A long time ago, one of my tenants who drove a BMW SUV told me, “I need an extra day to pay rent in order to withdraw money from my trust fund. Can you wait?”
I thought to myself, you knew today was move-in day when rent would be due, couldn’t you have planned ahead? This is not how a new tenant / landlord relationship should start.
“OK, please send in your portion of the rent the following day,” I responded, trying to hide my annoyance. This was the first time anybody ever admitted to having a trust fund. Why was I taking the credit risk when his roommates could have covered for him? Did he really not have an extra couple thousand dollars in his bank to honor our agreement given he drives a $50,000+ car? Was he lying on the rental application when he said he has $20,000 – $30,000 in liquid savings? What the F is going on?
The next morning, his father’s assistant e-mailed me asking how she could deliver the rent for my tenant: Fed Ex or wire? Wow, talk about having everything done for you. At least I got paid by the Bank of Mom & Dad.
This little episode reminded me the world is never going to be fair. There will be people who work their asses off, say all the right things, and still won’t get ahead because they don’t have the finances or connections like the rich.
The rental situation for my place was highly competitive. Had I known my tardy tenant had a trust fund, perhaps I would have rented out the place to someone else who wanted the place just as much, but whose financials were all her own. In the past, I’ve rented an apartment out for way below market because the tenant was a middle school teacher. They get paid way too little for what they do.
As a way to help make the world more equal, I’d like to introduce The Trust Fund And Inheritance Identification Program.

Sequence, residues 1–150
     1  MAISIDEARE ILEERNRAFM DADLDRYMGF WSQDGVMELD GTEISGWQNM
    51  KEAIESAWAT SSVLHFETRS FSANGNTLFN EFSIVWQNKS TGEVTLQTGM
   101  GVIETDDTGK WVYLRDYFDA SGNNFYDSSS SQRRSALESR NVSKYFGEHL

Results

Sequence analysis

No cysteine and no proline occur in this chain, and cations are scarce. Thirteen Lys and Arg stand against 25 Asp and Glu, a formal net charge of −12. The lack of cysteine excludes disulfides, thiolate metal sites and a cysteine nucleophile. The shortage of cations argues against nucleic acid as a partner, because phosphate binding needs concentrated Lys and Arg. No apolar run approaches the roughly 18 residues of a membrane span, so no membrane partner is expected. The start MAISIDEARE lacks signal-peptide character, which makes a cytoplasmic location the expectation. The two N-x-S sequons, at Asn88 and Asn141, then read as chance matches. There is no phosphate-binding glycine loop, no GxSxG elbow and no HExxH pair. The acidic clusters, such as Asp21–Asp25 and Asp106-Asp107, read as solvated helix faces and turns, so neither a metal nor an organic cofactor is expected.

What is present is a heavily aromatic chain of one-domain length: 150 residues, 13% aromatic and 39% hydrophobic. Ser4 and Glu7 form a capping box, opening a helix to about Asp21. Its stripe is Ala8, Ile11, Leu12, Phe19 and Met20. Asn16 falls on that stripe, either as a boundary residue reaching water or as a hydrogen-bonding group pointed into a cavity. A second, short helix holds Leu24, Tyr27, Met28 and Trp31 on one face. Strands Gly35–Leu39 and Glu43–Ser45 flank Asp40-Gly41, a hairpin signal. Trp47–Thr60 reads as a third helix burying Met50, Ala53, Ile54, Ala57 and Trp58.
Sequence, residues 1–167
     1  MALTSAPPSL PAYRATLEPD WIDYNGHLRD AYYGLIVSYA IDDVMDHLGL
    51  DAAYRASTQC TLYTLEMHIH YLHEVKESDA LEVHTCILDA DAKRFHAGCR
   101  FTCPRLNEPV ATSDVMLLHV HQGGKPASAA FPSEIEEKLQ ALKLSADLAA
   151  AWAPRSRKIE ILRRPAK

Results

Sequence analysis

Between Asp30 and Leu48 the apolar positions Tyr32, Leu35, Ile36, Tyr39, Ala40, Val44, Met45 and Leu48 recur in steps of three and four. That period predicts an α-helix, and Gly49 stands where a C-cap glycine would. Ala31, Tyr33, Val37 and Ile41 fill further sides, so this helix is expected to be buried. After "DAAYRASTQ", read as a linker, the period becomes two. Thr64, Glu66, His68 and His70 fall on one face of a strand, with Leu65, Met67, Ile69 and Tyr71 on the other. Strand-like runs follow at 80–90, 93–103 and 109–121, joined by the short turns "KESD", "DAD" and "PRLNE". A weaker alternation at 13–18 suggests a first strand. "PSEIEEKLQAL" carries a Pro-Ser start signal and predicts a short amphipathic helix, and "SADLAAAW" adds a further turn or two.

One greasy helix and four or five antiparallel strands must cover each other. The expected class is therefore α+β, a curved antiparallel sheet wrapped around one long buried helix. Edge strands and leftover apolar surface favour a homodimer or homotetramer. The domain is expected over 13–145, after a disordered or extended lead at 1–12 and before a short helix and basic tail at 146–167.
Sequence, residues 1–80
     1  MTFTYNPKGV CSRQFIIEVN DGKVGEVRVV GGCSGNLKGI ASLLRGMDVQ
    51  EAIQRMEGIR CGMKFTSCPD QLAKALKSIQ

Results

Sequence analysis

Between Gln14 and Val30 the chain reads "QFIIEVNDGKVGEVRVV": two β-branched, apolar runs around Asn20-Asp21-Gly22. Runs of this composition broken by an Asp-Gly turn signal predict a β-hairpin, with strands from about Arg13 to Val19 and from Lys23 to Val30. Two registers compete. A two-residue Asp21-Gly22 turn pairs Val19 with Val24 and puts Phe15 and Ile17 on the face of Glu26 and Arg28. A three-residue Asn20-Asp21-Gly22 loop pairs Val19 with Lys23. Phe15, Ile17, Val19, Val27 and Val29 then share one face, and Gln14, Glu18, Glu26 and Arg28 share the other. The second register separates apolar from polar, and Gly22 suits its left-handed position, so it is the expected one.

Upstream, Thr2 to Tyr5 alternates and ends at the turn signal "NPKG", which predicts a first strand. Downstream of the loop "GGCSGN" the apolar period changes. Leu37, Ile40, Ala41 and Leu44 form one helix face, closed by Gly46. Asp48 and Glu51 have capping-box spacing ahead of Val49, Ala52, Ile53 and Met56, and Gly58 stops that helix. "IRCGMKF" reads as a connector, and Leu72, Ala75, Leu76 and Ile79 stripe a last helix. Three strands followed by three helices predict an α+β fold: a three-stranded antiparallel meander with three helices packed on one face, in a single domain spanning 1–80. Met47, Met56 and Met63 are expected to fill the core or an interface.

The Wealth Identification Program
Under the trust fund and inheritance ID program, the government would make public record all those people who have trust funds and received inheritance amounts over a certain level. Given the national average inheritance amount in the US is around $180,000, those who receive inheritance amounts over 50% of the average will get identified, for example. Let’s put that figure at an easy to remember $300,000.
We could have a tiered identification process where those who inherit or have trust funds of $300,000 – $500,000 get marked in Blue, those who receive $501,000 – $1,000,000 get marked in Green, and those who receive more than $1,000,000 get marked in Purple.
With the trust fund and inheritance program, friends, colleagues, landlords, and employers can better differentiate between people who are struggling and people who’ve got it made for just being born wealthy. People can therefore make more informed decisions on who should get promotions, raises, scholarships, a coveted apartment, and general government assistance.
Example Of Who To Help Based On “The Program”
Candidate #1: Jocelyn is 27 years old and is worth $2.5 million dollars because her parents created a $2.4 million trust fund for her when she was 12 years old. Jocelyn was able to accumulate $100,000 in net worth on her own because she didn’t have to pay for her $50,000 a year tuition at Boston University, nor did she have to pay rent for living in her parents pied a terre they bought for her to use.